Djokovic, 2-0 vs. Federer in five-set matches, led 2-1 in the 5th when he called for a trainer to look at the calf he'd injured in game #3. After the break, the Serb seemed to be refreshed, or maybe pain-free, down the stretch. Federer held a BP at 3-3, but Djokovic held. After falling down 15/40, Federer saved three BP in game #8, holding the final one with a masterful half-volley that barely cleared the net, to which Djokovic raced to collect the ball and scoop it back, only to see the Swiss precisely angle a backhand volley that the Serb couldn't get back. Federer held for 4-4, but at 15/15 a game later, he failed to put away a leaping overhead that might have given him the momentum to take control in the closing moments. Instead, Djokovic held as the 35th match-up between the two men became their longest ever, edging past 3:50.

In the tenth game of the set, Djokovic went up 30/love on Federer's serve then reached his second MP when a Federer forehand went long. A netted backhand quickly ended things as the Serb grabbed career slam win #7 with a 6-7(7)/6-4/7-6(4)/5-7/6-4 victory.

Federer isn't going anywhere, as he made crystal clear in his post-match comments. And the game he displayed in London makes it easy to believe he still might be able to make room for a future 18th slam trophy on his mantle, after all. But Djokovic's staying power likely will be longer lasting.

In this era of Roger and Rafa (and, to a lesser degree, Andy Murray), Djokovic will always be a "third wheel" in the minds of many, but he's still managed to put together a career that would rank as one of the all-time best, even with such fierce competition standing guard at the four majors over the last decade. Djokovic has now won as many slam crowns as John McEnroe, and he now stands just one behind Jimmy Connors, Ivan Lendl and Andre Agassi. Just beyond that? The likes of Bjorn Borg and Rod Laver. And, remember, the Serb is still the youngest spoke in the "Big 4" wheel and will likely be the last of the group to still be winning slam titles a few seasons from now. Well, I guess we can't rule out Rafa winning in Paris even as he creeps into his 30's... but Novak would surely be able to swipe ONE RG crown from the Spaniard's grasp at some point, right? Come tomorrow, Djokovic is back in #1 ranking, knocking Nadal off the top perch, and could be coming to New York as the favorite to win there.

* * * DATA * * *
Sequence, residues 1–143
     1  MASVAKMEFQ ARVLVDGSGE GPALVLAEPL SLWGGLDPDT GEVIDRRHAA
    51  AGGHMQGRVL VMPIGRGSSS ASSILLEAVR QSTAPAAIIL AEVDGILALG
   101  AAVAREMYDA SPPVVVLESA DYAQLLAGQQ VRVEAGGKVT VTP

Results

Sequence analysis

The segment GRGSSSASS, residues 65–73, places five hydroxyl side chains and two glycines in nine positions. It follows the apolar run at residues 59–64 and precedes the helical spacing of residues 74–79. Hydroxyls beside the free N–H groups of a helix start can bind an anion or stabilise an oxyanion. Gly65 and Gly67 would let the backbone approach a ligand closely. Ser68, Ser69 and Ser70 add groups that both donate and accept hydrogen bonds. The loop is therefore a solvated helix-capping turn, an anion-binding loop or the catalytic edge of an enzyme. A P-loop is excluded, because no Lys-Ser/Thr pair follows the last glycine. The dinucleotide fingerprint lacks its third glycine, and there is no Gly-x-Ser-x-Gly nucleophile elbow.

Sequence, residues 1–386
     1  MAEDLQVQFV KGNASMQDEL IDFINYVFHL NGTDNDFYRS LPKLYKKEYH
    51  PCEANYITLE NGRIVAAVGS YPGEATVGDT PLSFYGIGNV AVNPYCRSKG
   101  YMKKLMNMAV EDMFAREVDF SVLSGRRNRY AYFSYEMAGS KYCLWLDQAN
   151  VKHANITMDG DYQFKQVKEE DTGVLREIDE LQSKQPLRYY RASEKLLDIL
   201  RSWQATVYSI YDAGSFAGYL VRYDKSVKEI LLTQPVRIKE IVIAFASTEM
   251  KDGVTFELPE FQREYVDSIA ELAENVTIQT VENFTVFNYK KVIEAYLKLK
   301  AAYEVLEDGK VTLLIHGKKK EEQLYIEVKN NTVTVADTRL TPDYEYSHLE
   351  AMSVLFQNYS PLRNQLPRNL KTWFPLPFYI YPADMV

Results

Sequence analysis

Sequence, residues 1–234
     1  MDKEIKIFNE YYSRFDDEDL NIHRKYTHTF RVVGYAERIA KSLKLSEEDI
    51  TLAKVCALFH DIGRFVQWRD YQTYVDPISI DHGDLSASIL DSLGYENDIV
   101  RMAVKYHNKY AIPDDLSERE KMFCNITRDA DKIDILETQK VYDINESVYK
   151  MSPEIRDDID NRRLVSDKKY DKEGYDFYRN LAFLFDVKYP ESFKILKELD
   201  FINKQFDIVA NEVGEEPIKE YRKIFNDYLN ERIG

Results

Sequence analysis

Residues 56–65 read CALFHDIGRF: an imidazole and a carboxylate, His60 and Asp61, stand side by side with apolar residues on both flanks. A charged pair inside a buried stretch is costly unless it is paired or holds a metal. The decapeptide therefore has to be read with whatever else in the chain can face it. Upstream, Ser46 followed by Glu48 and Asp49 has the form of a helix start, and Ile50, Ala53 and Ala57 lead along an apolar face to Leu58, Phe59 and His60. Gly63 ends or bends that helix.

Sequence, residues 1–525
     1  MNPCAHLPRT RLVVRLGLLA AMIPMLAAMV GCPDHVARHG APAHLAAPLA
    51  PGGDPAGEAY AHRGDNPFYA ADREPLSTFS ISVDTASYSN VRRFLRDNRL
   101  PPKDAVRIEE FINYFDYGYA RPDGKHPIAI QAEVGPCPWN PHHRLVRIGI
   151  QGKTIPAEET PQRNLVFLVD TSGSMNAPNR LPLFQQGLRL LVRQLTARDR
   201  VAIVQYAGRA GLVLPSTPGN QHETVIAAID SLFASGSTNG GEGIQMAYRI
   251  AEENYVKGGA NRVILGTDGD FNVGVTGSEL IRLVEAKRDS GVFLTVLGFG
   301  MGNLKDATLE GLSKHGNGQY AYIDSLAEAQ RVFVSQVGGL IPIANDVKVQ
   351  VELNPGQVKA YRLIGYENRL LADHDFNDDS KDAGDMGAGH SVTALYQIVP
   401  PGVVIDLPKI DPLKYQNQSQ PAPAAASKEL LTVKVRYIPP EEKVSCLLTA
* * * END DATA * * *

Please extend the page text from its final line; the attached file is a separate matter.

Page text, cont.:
The NextGen is barking at the door, but the current owners of the ATP home aren't ready to sell. Not yet.

To be continued in NYC...

#1 Novak Djokovic/SRB def. #4 Roger Federer/SUI 6-7(7)/6-4/7-6(4)/5-7/6-4

Vacek Pospisil/Jack Sock (CAN/USA) def. #1 Bob Bryan/Mike Bryan (USA/USA) 7-6(5)/6-7(3)/6-4/3-6/7-5

#15 Samantha Stosur/Nenad Zimonjic (AUS/SRB) def. #14 Chan Hao-Ching/Max Mirnyi (TPE/BLR) 6-4/6-2

(Q) Noah Rubin/USA def. #6 Stefan Kozlov/USA 6-4/4-6/6-0

#3 Orlando Luz/Marcelo Zormann (BRA/BRA) def. #1 Stefan Kozlov/Andrey Rublev (USA/RUS) 6-4 3-6 8-6

#1 Stephane Houdet/Shingo Kunieda (FRA/JPN) def. #2 Maikel Scheffers/Ronald Vink (NED/NED) 5-7/6-0/6-3

2003 Roger Federer, SUI
2004 Roger Federer, SUI
2005 Roger Federer, SUI
2006 Roger Federer, SUI
2007 Roger Federer, SUI
2008 Rafael Nadal, ESP
2009 Roger Federer, SUI
2010 Rafael Nadal, ESP
2011 Novak Djokovic, SRB
2012 Roger Federer, SUI
2013 Andy Murray, GBR
2014 Novak Djokovic, SRB

17...Roger Federer *
14...Rafael Nadal *
14...Pete Sampras
12...Roy Emerson